A great living preacher, in speaking of the common mistake of separating the intellectual from the emotional or love part of man's nature, very finely says that to do so is to leave the mental machine no better work than to "grind chaff into dust." In the same beautiful sermon he uses the word "reason" in the sense of its belonging exclusively to this intellectual part. It is a vital error, yet one frequently made by the highest of metaphysicians. Unlike many of our best words the word reason still retains for common humanity its true meaning.
Who would not allow that to so employ our life-forces as to make a failure and misery of our life were the very acme of unreason? And who has not observed that in the degree that a man makes this separation this effect follows?
Our heart—all hearts' center is the same center the "Spirit whose center is everywhere and whose circumference is nowhere" —is the source of our being; unless the mental machine gets grist from it, it can do naught else than "grind chaff into dust." The sublime genius of Shakespeare grew out of his keeping his mental machinery employed on corn—the harvest of a noble heart. Does any dare say that he was second to any in reason? What mere logician's reason can compare with his? Reason is simple good sense. Of the many departures from reason, with their consequent loss of happiness, none is more insidious yet disastrous than that of the sacrifice of love and ideality in the acquisition of poor barren external knowledge. Having ground the chaff into dust, edifices of theories are built with it, which have to be shielded with fierce opinionativeness, lest a breath of the wind of Living Truth should blow them away. Inner wisdom, the exact opposite of this, perceiving the omnipotence of good, thinks ever less and less of itself and its opinions, and yields itself more and more to diffused love, until it may feel itself at one with the impersonal Soul of Beneficence which men call God.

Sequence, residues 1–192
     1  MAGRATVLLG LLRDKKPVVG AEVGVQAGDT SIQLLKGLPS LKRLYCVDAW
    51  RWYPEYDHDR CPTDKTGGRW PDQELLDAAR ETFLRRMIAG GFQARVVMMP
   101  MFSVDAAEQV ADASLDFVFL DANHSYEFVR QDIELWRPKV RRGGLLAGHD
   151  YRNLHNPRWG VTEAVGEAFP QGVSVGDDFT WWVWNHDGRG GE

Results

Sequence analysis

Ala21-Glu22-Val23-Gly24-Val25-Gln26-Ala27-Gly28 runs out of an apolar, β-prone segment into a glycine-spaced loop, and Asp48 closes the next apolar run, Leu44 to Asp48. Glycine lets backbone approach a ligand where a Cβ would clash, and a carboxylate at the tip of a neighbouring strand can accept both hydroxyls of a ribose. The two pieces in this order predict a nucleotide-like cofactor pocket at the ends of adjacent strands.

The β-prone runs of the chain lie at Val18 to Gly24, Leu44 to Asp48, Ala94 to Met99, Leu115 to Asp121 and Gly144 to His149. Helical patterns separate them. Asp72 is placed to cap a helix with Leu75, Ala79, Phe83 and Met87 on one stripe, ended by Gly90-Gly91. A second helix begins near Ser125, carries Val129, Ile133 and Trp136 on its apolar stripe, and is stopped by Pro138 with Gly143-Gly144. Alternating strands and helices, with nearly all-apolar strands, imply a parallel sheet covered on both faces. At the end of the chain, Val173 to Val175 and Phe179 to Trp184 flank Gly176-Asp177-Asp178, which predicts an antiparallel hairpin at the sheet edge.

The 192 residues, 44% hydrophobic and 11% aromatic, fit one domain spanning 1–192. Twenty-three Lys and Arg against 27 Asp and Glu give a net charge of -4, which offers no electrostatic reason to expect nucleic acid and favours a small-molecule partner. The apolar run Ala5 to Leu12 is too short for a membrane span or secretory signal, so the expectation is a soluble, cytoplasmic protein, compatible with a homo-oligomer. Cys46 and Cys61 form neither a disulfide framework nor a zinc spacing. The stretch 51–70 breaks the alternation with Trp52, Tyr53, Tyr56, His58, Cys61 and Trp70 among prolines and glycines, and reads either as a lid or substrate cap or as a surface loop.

If this is truth, or at least a side of it, who shall say that it lacks reason?"